Richard Nicastro, PhD looks at finding “meaning over merriment” in marriage and challenges us to monitor our expectations that marriage “should” bring happiness. Is happiness better found inwardly first?
No one gets married to ramp up the suffering in their life. Quite the contrary, many of us marry (or enter into a committed, intimate relationship) in order to experience greater joy and happiness. The marital ideal equates happiness with marriage. “They’re so happy together”; “Look at the happy couple”; “Marriage suits you well” are common descriptions of couples who are believed to have achieved the marriage-happiness ideal that so many of us are grasping for.
But for every voice staking claim to a happier existence through wedlock, there are those other voices, more cynical (realistic, perhaps?) in nature, ready to pounce with, “Sure they’re happy now, but just wait until reality hits and they’re pulled back to earth.” These people tend to see couples who report that marriage has indeed ramped up their happiness quotient as basking in the glow of an untested new relationship…one that is bound to be confronted by the challenges and realities that are part of any long-term, committed union.
If equating marriage with happiness is a cultural fabrication, an illusion that is problematic because it misdirects our expectations toward a reality that eludes so many, then what should one anticipate from marriage?
Creating a Healthy Relationship: Finding Meaning Over Merriment
Of course, there are those who experience great joy in their relationship. Or, probably more accurately stated, moments of joy. But there is a big difference between being happy with your marriage (and at times experiencing positive emotions with your partner) versus trying find happiness from your marriage.
It’s important for couples, for all of us, to have the freedom to reflect upon the following: Is happiness something that we should seek from our marriage (or from anything outside ourselves, for that matter), or would it be wiser and more helpful to place our expectations in the only place where we truly have control—within ourselves?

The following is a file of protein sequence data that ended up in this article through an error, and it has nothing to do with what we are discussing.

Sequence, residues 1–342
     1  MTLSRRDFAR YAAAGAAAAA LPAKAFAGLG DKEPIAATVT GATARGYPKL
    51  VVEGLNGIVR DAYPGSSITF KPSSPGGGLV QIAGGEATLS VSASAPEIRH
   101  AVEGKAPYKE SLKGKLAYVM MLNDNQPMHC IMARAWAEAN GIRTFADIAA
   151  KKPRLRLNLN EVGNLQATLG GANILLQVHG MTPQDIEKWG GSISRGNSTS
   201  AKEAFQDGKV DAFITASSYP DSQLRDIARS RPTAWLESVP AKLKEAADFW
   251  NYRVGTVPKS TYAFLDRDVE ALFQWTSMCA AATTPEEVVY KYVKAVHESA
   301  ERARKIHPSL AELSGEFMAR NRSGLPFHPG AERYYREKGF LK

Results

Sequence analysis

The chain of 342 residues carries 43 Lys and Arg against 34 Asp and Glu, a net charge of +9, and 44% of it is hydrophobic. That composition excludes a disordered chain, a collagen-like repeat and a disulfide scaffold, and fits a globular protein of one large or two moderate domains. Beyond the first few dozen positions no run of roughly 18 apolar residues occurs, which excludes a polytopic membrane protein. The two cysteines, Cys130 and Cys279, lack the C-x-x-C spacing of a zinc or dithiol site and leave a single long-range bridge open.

And we should also reflect upon what happiness is. Happiness is an emotion, and like all emotions, it rises and falls depending upon circumstance. Joy, happiness, excitement, eagerness, anger, grief, sadness, disgust, fear, and the like, are transient experiences. They inform us about ourselves as individuals and about ourselves in relationship to others—they are messages that come and go.
And while there are certainly things we can do to keep certain emotions alive for longer periods of time (influenced by where we choose to focus our attention), it seems unreasonable to think that it is possible to constantly keep one particular emotional experience firing on all cylinders. Especially when the experience we seek is contingent upon another person. But this is exactly what we do when we expect that our marriage or relationship or partner is supposed to make us happy.
The happiness expectation (which may exist at an unconscious level) creates a rigidly myopic version of what it means to be in a relationship and what it means to be a person. After all, we are complex and multi-faceted beings. We have the capacity to feel deeply and to experience a wide range of emotions; emotions that should be experienced and integrated into our self-experiences where they can inform the richness of our lives.
So what should a relationship offer us?
Psychologist John Bowlby described the inherent need for attachment to another throughout our lives; For connection and the vulnerability necessary for connection to be realized, we must feel secure with our spouse/partner. A deep sense of emotional safety, of knowing and feeling that we can rely on our partner, allows us to bring ourselves more fully and deeply into the relationship.
This “felt sense” of security can help us feel whatever it is we need to feel—security gives us permission to let down our defensive armor and relate more authentically. It is often within the context of such security that we live our deepest feelings. The stabilizing effect of our relationship may increase our potential to experience happiness and to be more joyful, but just as important, it may bring about a greater peace of mind and contentment, a sense of feeling more alive and vital, cherished and special; or maybe the loving and reliable presence of another may allow for the unblocking of more painful feelings that have been long sequestered within us.
We should be able to come out of hiding with our partner, to take off the masks so many of us wear without even realizing they exist. Rather than a chasing “happily ever after,” maybe we should be seeking opportunities to be more real and authentic with another – a coming together of two flawed beings who would somehow be better off together than they are separately.
The idealization and chasing of happiness can become a mask that stifles as powerfully as any other mask. This problematic masking isn’t exclusive to happiness; it will crop up any time we turn away from what is going on within ourselves and look toward the other to make everything all right.
In short, the goal of “happily ever after” fails when being with another is designed to preempt us from being with ourselves.
Healthy Relationship Reflective Moment:
If happiness is something you seek in your relationship or marriage, is there something you are trying to move away from within yourself?
If so, what is it exactly that you hope to leave behind?
And is grasping for happiness’ promise really the best way to achieve what you want/need in your marriage and relationship?